The Plugin

What is it?

The image overlay plugin is a simple jQuery plugin that attempts to present an image with an overlaid title/caption. The overlay drops in on hover, as you can see above.

This plugin is based upon the great demos of this technique available from build internet. Thanks for the inspiration, guys!


This plugin is hosted on Google Code. Download the latest version here.


There are no known issues with plugin compatability. Tested in IE 6-8, Firefox 3.5, Google Chrome, Apple Safari 4.0, Opera 10.


Questions and comments will be handled through the Google Code site.


1.3 - Added overlay_speed_out option, removed need to specify image width/height.

1.2 - Added animate option.

1.1 - Added always_show_overlay option.

1.0 - Initial Release.

How to Implement

First, include the Image Overlay CSS file to your page header.

<link rel="stylesheet" type="text/css" href="ImageOverlay.css" />

Next, include the Image Overlay JavaScript file AFTER you include your jQuery installation. The ImageOverlay control was tested under jQuery 1.2.x, 1.3.x, and 1.4.1, so it should work under a number of distributions.

<script type="text/javascript" src="path-to-jQuery/jquery.min.js"></script>
<script type="text/javascript" src="jquery.ImageOverlay.js"></script>

Create the gallery html. Here are the guidelines you should follow for galleries:

  • Ideally, all images should be the same height and width. This is because we need to know the location and size of the overlay to show it properly. Refer to advanced usage to for additional information.
  • The image overlay can support a variety of content. A default CSS style has been added for header and paragraph tags, but you can style the overlay content as you see fit.
  • The gallery element must include the 'image-overlay' class in order to use any of the styling in the ImageOverlay.css file.

Here is an example of gallery html.

<ul id="myGallery" class="image-overlay">
    <a href="">
      <img alt="Image 1" src="testImages/Image1.jpg"/>
      <div class="caption">
        <h3>Image #1</h3>
        <p>click for more info</p>
    <a href="">
      <img alt="Image 2" src="testImages/Image2.jpg"/>
      <div class="caption">
        <h3>Image #2</h3>
        <p>click for more info</p>

Finally, attach the Image Overlay control via JavaScript.

$(document).ready(function() {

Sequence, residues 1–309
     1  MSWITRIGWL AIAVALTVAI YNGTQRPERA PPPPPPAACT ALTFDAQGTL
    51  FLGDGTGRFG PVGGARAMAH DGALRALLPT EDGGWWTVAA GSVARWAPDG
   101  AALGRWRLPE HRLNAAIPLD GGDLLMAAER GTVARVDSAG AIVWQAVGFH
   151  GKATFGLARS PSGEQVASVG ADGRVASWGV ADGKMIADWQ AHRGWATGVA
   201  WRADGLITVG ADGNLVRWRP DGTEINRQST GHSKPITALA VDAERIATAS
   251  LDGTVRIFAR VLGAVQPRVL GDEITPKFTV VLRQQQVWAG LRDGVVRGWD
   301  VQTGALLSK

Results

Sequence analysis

Here is an example of a gallery load function with options (see directly below for an explanation of available options).

  overlay_speed: 'fast',
  overlay_speed_out: 'slow',
  overlay_origin: 'top'



Allows pinning of overlay if set to true. Overrides overlay_speed, animate. Default: false.


Whether to animate the overlay as it is being shown. Overrides overlay_speed. Default: true.


Any color value. Default: '#666'.


The color of the semi-opaque overlay layer. Default: '#000'


The side which the overlay comes in from. Valid values are 'top' and 'bottom'. Default: 'bottom'


The speed of the overlay animation. Valid values are 'slow', 'normal', 'fast', and numbers for millis. Default: 'normal'


The speed of the overlay animation when hover is removed. Valid values are 'slow', 'normal', 'fast', and numbers for millis. Default is value of overlay_speed.


The color of the text on the overlay. Default: '#666'

Advanced Usage

This plugin supports the metadata plugin. You must have the metadata plugin installed to use these features. Refer to metadata plugin documentation for instructions.

In order to override or add additional options on the gallery, you can just add the options after your gallery class name using the metadata syntax. Any Image Overlay option can be overridden using this technique.

  <ul id="myGallery" class="image-overlay { overlay_color : '#ff9' }">

You can also override settings on a per-element basis by adding metadata parameters to the <a> element (not the <img> element). This is great for doing things like specifying an alternate overlay speed on a per-image basis.

<a href=""
  class="{ overlay_speed: 'fast', overlay_speed_out: 'slow' }">


The overlay is partially transparent, which was done in order to create the most visually striking style. Opacity is something that Internet Explorer doesn't do well, though. Because of this, no style other than the general 'opacity' style is officially supported. I haven't run into too many issues using the styling that is in the default stylesheet, but be aware of this - test your implementation thoroughly and use at your own risk.


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